Saya Thet Gyi (1873 -1945)
Saya Thetgyi was born in the farming village of Pyawbwegyi, eight miles south of Rangoon.
He ordained as a bhikkhu (monk) for some time. At the age of 23, he learned Anapana meditation from a lay teacher, Saya Nyunt. When a cholera epidemic struck the village in 1903, many died, including U Thet’s son and young teenage daughter. This calamity affected U Thet deeply, and not finding refuge anywhere he asked permission from his wife and sister-in-law, Ma Yin, to leave the village in search of “the deathless.”
Accompanied in his wanderings by a devoted companion and follower, U Nyo, U Thet wandered all over Burma in a fervent search, visiting mountain retreats and forest monasteries, studying with different teachers, both monks and laymen. Finally he went north to Monywa to learn Vipassana from the Venerable Ledi Sayadaw. He returned to his village after a few years and started teaching Anapana in 1914.
In about 1915, after teaching for a year, U Thet took his wife and her sister to pay respects to Ledi Sayadaw who was then about 70 years old. When U Thet told his teacher about his meditation experiences and the courses he had been offering, Ledi Sayadaw was very pleased
It was during this visit that Ven. Ledi Sayadaw gave his walking staff to U Thet, saying:
“Here my great pupil, take my staff and forward. Keep it well. I do not give this to you to make you live long, but as a reward, so that there will be no mishaps in your life. You have been successful. From today onwards you must teach the Dhamma of rupa and nama (mind and matter) to 6,000 people. The Dhamma known by you is inexhaustible, so propagate the sasana (era of the Buddha’s teaching). Pay homage to the sasana in my stead.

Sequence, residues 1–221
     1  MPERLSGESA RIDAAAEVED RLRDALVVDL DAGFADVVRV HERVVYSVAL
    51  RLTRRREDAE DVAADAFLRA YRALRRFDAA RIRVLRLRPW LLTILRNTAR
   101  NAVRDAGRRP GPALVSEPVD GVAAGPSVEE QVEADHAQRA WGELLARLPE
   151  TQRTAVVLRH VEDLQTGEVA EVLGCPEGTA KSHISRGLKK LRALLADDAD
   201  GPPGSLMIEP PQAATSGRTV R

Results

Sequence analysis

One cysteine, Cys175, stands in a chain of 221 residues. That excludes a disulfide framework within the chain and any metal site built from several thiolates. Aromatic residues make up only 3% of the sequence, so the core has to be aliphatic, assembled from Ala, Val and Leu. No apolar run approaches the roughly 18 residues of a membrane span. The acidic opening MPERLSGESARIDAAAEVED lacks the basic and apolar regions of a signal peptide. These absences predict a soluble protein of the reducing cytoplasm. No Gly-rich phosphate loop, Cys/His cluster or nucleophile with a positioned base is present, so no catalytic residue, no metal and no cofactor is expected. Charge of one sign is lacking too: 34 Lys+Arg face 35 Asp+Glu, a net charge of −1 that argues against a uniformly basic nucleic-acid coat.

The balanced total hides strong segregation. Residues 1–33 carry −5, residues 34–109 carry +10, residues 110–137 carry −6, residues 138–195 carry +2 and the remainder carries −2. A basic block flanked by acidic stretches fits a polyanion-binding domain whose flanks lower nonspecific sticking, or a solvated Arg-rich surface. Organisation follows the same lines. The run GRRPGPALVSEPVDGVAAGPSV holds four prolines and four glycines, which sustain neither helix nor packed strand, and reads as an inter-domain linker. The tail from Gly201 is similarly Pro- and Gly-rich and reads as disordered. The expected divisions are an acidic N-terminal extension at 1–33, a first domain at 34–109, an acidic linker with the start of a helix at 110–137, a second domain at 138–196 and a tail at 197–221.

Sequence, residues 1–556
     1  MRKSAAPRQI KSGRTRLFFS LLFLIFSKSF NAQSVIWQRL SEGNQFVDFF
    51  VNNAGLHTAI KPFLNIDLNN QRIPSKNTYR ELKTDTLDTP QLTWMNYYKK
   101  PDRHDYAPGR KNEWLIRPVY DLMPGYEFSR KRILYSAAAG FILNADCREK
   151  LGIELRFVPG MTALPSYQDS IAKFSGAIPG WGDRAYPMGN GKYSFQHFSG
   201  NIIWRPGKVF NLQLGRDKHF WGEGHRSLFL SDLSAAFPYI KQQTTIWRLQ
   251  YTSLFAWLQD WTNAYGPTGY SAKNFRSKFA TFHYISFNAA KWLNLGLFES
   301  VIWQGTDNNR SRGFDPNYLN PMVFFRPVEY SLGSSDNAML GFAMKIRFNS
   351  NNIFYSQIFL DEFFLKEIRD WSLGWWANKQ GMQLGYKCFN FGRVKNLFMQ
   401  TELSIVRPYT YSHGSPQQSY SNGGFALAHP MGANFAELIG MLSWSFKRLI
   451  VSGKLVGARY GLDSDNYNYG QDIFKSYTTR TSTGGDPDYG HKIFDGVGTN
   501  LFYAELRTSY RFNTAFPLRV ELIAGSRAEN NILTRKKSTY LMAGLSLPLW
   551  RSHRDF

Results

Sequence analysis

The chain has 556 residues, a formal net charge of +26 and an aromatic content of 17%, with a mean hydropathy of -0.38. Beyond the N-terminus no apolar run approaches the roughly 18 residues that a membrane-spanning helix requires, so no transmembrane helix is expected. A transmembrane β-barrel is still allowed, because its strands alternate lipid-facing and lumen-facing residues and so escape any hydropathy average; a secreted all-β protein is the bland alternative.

The next day Ledi Sayadaw summoned all the monks of his monastery. He requested U Thet to stay on for 10 or 15 days to instruct them. The Sayadaw then told the gathering bhikkhus:
“Take note, all of you. This layman is my great pupil U Po Thet, from lower Burma. He is capable of teaching meditation like me. Those of you who wish to practice meditation, follow him. Learn the technique from him and practice. You, Dayaka Thet (a lay supporter of a monk who undertakes to supply his needs such as food, robes, medicine, etc.), hoist the victory banner of Dhamma in place of me, starting at my monastery.”
U Thet then taught Vipassana meditation to about 25 monks learned in the scriptures. It was at this time that he became known as Saya Thetgyyi (saya means “teacher”; gyi is a suffix denoting respect).
Saya Thetgyi was the first lay teacher of Vipassana since the time of the Buddha. For 30 years he taught meditation to all who came to him, guided by his own experience and using Ledi Sayadaw’s manuals as a reference. The village was not far from Rangoon, the capital of Burma under the British, so government employees and city dwellers like Sayagyi U Ba Khin , also came. By 1945, when he was 72, he had fulfilled his mission of teaching thousands.